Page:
Heller: I was making dances before I knew what making dances WAS. I came to dance really in college. Growing up, I was making dances in my bedroom, and I did actually have this imaginative improvisation practice. I don’t know where it came from. Maybe it’s my Pisces nature and wanting things to be magical. I do think that some people inherently have this buzz or fire inside of themselves, or a deep curiosity to make. Or how to orchestrate an event, or how a story is told. It isn’t a predisposition, but I do feel (and watch students who have) a certain kind of pulling, of being drawn into making.
But there really is something about trying on modes, methods, ways of thinking and making dances. Inside of choreography, there’s a nurturing of a certain kind of imagination, and methods and structures can help communicate those imaginings. I am highly structured in how I choose to work with my imagination. I love teaching composition even if I know some students don’t want to pursue dance making. It provides ways into dimensional thinking, ways into getting closer to how you feel about something, ways of creating community. Gathering people together to make something – a primer.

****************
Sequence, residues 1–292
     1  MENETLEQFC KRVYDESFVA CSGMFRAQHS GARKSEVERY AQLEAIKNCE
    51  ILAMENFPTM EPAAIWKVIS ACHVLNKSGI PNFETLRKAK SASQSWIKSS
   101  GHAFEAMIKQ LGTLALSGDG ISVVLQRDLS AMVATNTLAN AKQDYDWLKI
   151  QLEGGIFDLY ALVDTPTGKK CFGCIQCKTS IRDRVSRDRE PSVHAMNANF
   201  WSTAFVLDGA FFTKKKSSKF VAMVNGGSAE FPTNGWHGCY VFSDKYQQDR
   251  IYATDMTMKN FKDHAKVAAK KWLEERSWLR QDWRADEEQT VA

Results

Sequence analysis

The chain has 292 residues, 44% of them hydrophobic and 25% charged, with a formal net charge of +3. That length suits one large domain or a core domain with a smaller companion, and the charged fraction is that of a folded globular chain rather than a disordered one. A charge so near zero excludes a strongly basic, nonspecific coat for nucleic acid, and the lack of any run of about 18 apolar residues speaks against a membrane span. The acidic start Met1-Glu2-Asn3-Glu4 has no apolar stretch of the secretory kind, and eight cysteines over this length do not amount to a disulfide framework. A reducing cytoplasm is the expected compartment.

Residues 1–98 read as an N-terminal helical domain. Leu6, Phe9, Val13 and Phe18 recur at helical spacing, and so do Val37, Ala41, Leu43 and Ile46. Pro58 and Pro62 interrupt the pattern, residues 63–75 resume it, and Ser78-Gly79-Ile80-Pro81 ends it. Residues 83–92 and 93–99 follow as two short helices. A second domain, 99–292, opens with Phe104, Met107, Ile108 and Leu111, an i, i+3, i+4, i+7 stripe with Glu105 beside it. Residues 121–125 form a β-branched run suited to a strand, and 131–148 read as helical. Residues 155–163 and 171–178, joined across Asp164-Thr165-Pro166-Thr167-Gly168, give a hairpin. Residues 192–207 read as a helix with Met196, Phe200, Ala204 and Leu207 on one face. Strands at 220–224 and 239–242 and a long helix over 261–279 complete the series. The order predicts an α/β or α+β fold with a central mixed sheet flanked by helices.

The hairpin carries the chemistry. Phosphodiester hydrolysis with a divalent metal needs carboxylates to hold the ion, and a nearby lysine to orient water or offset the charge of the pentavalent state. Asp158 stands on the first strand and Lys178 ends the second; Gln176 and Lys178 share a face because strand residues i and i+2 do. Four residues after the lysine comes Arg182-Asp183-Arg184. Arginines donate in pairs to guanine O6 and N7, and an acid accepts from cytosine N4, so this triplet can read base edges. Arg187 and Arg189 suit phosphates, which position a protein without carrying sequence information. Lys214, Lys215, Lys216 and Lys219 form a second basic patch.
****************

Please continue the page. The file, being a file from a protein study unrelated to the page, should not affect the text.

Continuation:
Rose-Williams: Do you feel that you have specific structures and ways of working now that you can define?
Heller: I have ways IN that are becoming more consistent. But it always manifests differently. The ways in are about the people….a series of questions I give to almost each group of people I work with.
A lot of my work is about forgiveness. I also keep returning to the idea of the magic of the space. I am very interested in the performance space itself, and the potential of the performance space to be a healing exchange for both performers and audience members.
The heightened state of performance and the heightened state of creative process, gets me a little closer to forgiveness, to love. Love as acceptance. Those things feel like they are more consistent as my foundation for making work. My creative process is about figuring out how I’m thinking and navigating the world (and noticing how this changes). I think it comes down to digging in – being with myself over time.
Rose-Williams: You — Molly (Heller) — were talking about manifestation. Every performance is innately a manifestation. The tone of the intention, or attention to the emergent – always bringing something into being but also recognizing what already is. It is making a cool circle in my head.